I often thing about the toy question. Normally, it wouldn't really bother me, and I'd be kind of anti-toys, but since my child will not attend kindergarten, she will only have the toys, games and crafts I offer her (or the ones she will play with on occasion at her friends' houses).
I had a conversation with a friend about this topic a while ago and really liked what she said. She said she wasn't too keen on getting too many toys, but she added there cannot be enough creative material. By this she meant craft stuff: paint, clay, chalk, pencils, colorful paper etc...
Parents' attitudes towards toys seem to be greatly influenced by how they were raised, toy-wise. Figuring this out is a huge step in the right direction.
I myself have been raised with a fairly minimal amount of toys, and more importantly, one of the rules was: no big toys. I remember going to my friends houses on play dates and oogling their fruit and vegetable shops, their big barbie houses etc... So for my daughter, I know I really want to get or make those big toys, so she doesn't feel like she's missing out as I felt when I was little. This being said, I am still quite reserved when it comes to toys. My daughter actually has quite few toys and when I set out to buy some, I always end up turning down most of them. Actually, for her first year of life, we bought no toys ourselves whatsoever, except for christmas and her birthday. I figured, with the gifts she got, she had more than enough. To be honest, most of the time she does just play with sticks and stones and flowers outside, so there is little use to get a huge pile of things she won't play with.
I am now slowly adjusting my attitude, because at 20 months, I see there are some toys and games she does get a lot of 'mileage' out. And when I went through her toys this weekend, I found out that most of the things in her boxes weren't adapted to her age any more.
When you end up buying a toy or game, bare in mind that you are buying it for your child, not for yourself or for your expectations of your child. Toys shouldn't fill a void in your life, they shouldn't make up for what you missed out on as a child. Nor will buying your child a heap of toys make up for your absence. The first and foremost thing your child needs is your presence, love and support. Toys can't replace that.
Neither should you buy toys because they will teach your kid math/motor skills/... Don't think of toys as something to 'occupy' your child.
A good way for me to buy the right toys is to look at what she plays with at friends' houses. I soon discovered she always goes for the same things, and really enjoys them, so we set out to get her those toys.
Another good thing to do is to take your child to the toy store. When you find something you would like to get, present it to them and see how they react. This week, I wanted to get her a stroller. So I took a look at some of the models the store had to offer, picked one and had her try it out. Good thing I did! We ended up trying out all the strollers they had and found out they were all too small for her. Another thing I really loved was a rocking horse, but when I put her on it, she got really scared.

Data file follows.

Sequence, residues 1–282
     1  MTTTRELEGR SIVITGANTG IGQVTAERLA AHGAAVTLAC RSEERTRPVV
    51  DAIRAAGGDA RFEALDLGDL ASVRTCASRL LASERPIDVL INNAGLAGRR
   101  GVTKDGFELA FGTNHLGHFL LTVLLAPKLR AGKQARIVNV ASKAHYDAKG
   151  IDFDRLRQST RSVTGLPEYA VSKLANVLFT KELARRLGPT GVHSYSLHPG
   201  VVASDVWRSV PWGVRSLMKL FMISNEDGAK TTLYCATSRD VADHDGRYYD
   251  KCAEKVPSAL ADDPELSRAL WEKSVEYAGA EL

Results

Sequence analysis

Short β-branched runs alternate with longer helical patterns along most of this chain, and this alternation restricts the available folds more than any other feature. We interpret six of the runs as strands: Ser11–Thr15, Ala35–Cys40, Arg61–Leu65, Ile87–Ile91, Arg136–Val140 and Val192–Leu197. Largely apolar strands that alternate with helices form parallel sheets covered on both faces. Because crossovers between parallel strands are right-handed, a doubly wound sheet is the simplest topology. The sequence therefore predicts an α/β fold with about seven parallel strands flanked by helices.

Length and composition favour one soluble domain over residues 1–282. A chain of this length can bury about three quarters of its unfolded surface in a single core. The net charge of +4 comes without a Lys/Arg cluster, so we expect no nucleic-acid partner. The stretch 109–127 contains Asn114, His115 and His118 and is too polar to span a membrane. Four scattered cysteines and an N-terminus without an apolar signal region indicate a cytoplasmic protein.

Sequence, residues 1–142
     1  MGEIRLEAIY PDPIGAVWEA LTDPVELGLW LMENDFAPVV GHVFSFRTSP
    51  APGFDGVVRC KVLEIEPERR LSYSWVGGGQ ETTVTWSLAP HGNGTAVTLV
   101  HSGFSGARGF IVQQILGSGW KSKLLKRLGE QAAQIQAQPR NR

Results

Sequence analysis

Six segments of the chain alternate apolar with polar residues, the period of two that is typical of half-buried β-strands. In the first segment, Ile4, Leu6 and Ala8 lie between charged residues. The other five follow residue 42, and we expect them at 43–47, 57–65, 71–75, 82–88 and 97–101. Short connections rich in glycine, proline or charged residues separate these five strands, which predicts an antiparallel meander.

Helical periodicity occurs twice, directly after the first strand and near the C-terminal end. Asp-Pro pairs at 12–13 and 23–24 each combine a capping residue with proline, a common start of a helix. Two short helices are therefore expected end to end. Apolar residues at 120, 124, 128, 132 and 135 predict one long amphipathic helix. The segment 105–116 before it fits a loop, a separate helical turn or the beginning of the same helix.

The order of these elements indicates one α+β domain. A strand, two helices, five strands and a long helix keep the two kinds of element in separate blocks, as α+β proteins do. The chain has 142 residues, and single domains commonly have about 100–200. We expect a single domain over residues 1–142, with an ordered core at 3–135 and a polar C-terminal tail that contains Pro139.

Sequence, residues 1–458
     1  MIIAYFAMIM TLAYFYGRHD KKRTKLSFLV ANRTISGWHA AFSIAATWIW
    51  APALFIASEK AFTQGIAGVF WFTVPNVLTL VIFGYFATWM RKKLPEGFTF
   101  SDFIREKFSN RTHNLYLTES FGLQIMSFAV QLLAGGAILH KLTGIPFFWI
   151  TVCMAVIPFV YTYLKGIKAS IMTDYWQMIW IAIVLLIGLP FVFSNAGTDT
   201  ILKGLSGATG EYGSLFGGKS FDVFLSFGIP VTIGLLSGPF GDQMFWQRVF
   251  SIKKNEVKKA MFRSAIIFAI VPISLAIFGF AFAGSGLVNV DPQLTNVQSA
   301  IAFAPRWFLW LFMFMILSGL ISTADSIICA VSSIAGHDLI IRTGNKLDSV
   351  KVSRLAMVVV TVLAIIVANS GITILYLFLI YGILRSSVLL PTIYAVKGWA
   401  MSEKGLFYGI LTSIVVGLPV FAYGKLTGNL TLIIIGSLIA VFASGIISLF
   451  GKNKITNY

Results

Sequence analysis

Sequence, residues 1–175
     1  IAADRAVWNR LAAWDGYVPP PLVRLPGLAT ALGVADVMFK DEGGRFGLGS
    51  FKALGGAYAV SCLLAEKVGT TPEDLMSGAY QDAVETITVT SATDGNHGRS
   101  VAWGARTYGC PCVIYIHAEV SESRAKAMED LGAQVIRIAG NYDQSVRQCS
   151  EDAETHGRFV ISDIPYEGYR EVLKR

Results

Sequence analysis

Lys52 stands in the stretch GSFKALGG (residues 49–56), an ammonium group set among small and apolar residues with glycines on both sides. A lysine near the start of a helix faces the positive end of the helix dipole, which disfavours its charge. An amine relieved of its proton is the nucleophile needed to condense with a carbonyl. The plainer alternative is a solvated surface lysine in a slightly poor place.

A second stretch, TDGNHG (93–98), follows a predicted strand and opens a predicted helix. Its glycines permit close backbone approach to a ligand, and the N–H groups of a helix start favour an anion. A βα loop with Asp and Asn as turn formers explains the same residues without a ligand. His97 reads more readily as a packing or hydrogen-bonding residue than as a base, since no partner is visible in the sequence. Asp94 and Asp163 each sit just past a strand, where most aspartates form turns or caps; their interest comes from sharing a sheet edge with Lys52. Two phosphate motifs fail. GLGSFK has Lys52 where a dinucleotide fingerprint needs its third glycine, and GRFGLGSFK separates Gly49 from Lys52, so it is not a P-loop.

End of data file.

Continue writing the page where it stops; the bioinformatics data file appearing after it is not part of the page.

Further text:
When they're a bit older, they can run free and pick what they like (my daughter also runs free, but she's too small still to get things off the racks).
Toys are there for play and for fun. But they aren't a necessity. It is equally - or even more - important for a child to be able to play with the things he finds in his/her surroundings. Fallen leaves, sand, stones... al make wonderful 'toys'. Children are extremely creative and find play wherever they are. Don't anguish about not having brought toys when you go out, let your child discover its surroundings, you'll be amazed at how nicely they can play without all those toys. Remember, toys are a fairly modern invention and only a small part of the world's children have access to them, yet, that doesn't prevent them to play.
I get the heeby jeebies from those modern day sound and light toys that drive you crazy after two minutes and leave no room for imagination and creativity. I'm not a fan of things like dining sets and fake fruit etc. To me, they can just as good play with the real kitchenware and a bag of rice. She does have a couple of electronic song toys (that don't drive me too crazy) and really enjoys them. Plus she has been playing with them for over a year now, which at that age, is quite a while.
I cannot, an will not give you a list of toys, games and craft stuff your child should have. There is no definitive list of such things. Yet again, every child is different and has different likes and interests. Choose their toys with that in mind.